And I regret, obviously, not seeing him when he did another tour, I think that was with The Zombies. I didn’t go. I know it was more of rehash of how he sounded [in the past.] I wasn’t interested in hearing that, but I should have gone. I wish I would have reached out after that, but the last phone call was so weird. I didn’t know how that landed—did  he still want to talk to us? You know, that was it. It’s a horrible story, which I’m sure they’ll make into a horrible movie at some point. There’s not a happy ending, so I don’t know how they would make it into the movie. But he had new songs. We even practiced a couple. I can’t remember the names of them, but he talked about recording and things like that. I know he put out a single of one of those songs. But yeah, it was amazing. I got to play some really big shows, got to play some really great songs, and I wish the social media and the internet had been more active then as it is now. Because there’d be more proof. I have a bunch of bootlegs, but I don’t even have a photo of us together. Talk about a missed selfie. Wasn’t even a thing then, no selfies.

What was going through your mind when the opportunity first came up? Was there any hesitation in being his backing band, having been doing your own music previously?

Lyle Hysen: We should have been more scared, but we still had some swagger to make us believe we could do it. I listen to those records all the time and think, “How the hell did I even play that part?” You know, the Hal Blaine drum sessions off Forever Changes and even the stuff on For Sail, those guys are killing it. I think there was a little blind ambition. I thought, “We’re just going to play them like we play them.” In hindsight, if he would’ve come in and been super pro, he might have said, “No, I think the verse should be on this. And the chorus is over there and you gotta bring this down and bring that up.” But he didn’t say anything. We played them like we play.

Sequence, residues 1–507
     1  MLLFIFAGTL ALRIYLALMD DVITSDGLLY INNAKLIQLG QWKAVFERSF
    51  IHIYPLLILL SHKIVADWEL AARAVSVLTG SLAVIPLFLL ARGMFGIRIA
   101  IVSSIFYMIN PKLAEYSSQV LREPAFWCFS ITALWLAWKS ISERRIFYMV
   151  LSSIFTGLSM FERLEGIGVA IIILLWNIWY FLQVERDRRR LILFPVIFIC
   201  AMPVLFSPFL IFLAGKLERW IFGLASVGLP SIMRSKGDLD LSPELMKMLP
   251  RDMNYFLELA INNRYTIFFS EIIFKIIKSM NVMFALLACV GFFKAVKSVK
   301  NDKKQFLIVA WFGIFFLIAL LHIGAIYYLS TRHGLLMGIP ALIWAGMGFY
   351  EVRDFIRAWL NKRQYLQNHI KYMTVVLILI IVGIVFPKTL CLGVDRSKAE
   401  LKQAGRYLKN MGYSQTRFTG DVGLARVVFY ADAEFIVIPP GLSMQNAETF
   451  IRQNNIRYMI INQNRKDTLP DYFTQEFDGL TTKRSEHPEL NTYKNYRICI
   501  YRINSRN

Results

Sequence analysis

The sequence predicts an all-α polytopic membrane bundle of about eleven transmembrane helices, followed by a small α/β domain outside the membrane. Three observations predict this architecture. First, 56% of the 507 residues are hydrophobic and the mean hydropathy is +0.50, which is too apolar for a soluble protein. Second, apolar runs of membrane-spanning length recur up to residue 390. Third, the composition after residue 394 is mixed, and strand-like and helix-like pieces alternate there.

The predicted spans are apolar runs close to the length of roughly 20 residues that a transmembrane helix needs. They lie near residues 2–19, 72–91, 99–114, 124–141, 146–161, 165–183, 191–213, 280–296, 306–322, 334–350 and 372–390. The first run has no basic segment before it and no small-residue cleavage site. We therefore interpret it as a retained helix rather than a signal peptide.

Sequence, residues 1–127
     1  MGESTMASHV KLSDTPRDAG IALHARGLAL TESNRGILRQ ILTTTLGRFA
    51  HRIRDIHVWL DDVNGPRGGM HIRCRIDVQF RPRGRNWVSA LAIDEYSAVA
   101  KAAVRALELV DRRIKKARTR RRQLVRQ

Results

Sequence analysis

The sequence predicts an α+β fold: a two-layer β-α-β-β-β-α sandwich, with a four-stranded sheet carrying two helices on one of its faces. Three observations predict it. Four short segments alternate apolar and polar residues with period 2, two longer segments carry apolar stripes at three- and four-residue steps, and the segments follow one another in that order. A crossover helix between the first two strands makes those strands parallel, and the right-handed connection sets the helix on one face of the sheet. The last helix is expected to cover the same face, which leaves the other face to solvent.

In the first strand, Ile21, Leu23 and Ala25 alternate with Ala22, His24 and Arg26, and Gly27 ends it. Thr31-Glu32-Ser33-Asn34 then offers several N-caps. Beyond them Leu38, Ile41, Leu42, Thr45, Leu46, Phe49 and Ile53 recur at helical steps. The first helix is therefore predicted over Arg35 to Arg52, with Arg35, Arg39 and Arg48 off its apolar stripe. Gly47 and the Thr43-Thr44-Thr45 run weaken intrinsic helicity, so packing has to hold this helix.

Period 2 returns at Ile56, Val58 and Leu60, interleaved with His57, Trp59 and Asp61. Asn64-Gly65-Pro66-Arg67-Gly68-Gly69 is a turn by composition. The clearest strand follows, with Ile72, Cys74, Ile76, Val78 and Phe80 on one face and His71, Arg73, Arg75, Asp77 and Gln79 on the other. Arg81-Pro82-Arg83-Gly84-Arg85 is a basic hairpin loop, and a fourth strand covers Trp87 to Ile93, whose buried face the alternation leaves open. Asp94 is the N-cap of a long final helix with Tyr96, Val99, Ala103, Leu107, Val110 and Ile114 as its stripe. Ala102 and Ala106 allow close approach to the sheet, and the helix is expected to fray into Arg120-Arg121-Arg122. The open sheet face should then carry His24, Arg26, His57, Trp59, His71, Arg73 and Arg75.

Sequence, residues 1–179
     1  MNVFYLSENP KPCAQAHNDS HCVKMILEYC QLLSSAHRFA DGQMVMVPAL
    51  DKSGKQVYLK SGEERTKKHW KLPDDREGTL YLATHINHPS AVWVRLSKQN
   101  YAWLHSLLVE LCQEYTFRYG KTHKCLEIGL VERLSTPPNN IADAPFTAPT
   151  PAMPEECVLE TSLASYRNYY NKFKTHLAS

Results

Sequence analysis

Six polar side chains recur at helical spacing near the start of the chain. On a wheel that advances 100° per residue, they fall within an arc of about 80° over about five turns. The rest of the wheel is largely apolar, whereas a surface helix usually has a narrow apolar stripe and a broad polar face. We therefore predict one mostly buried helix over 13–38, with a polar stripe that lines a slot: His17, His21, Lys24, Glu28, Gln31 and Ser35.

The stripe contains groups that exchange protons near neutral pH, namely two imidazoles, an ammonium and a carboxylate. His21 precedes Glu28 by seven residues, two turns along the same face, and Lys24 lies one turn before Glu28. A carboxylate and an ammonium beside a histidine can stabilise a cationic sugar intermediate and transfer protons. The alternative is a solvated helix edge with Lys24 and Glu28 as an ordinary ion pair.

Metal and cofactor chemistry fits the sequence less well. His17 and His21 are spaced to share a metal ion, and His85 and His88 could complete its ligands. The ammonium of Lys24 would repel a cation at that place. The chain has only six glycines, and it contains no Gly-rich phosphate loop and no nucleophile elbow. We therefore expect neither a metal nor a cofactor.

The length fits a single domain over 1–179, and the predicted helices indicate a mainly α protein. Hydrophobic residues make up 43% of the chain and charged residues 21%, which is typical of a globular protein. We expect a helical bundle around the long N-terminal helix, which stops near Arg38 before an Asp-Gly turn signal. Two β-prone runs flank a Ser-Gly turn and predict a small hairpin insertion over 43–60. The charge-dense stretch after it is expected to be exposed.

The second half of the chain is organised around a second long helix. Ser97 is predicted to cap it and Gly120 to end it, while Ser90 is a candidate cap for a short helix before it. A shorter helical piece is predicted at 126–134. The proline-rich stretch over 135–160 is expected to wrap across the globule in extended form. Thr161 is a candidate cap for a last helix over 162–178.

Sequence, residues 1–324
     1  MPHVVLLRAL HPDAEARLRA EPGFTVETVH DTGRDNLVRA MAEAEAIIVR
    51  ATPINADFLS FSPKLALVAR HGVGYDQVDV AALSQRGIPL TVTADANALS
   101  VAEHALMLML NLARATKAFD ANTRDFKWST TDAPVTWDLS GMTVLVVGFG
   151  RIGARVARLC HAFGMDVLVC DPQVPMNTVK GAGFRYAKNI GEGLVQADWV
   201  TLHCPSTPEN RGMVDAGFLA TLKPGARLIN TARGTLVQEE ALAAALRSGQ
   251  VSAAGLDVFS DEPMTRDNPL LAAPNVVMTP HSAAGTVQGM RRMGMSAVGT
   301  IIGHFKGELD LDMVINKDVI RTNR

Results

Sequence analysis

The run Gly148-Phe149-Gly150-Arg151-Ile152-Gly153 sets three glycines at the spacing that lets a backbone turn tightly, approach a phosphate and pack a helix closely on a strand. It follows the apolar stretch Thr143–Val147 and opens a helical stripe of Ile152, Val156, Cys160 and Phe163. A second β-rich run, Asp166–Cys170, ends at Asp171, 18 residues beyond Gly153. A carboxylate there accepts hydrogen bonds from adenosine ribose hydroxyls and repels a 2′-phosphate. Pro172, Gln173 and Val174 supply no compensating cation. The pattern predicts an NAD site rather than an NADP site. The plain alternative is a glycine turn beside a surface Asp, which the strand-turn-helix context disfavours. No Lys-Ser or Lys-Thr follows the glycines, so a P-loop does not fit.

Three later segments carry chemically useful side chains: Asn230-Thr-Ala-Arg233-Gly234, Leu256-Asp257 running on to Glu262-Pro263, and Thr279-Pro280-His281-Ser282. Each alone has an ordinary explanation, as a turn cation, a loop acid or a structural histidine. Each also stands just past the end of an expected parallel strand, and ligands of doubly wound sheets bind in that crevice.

It’s funny, as years go on, I feel more anxious and intimidated by the concept of doing that. I’ve trolled through the internet looking for people’s comments, and only one comment was that the band was too punk rock. But it seemed that people enjoyed it, and to his credit, it wasn’t an oldies show. He wanted to play it the way he sounded right now. He wasn’t trying to replicate anything. There were some things he couldn’t do, like the guitar part in “Alone Again.” Nobody really could except maybe Alan Licht, but that’s already like three tours in. It was pretty impressive on his part, but maybe he was just lazy. I don’t know. But I think he enjoyed it. He sat back and just let us have at it, which was awesome.

Was there any kind of back and forth in terms of the original preparation for the tour? Was it really just a case of you rehearsing the material on your own, then he showed up and you went on tour?

Lyle Hysen: After we threw ourselves under the bus and said, “We’ll do it,” if I remember correctly, Mark Linn sent us a set of songs. The three of us hashed our way through it and learned them to the best of our abilities. I don’t remember him changing the set much with each tour. We played the same stuff. Maybe there was one different song or we might have said we loved playing “Stand Out.” I don’t think he was playing much then, but it was something we always wanted to play.

It was just “learn these songs and go.” We didn’t have any idea what the structure was like. So then it would be like, okay, you do five songs, then he’s going to do acoustic. And then you would come back and play the last few songs. That’s kind of how it went. For a couple of shows, we just did all eight, nine or ten songs, without the acoustic break. He usually did the acoustic break and he would do “Everybody’s Gotta Live.” That was his big acoustic number, so we didn’t get to play on that one.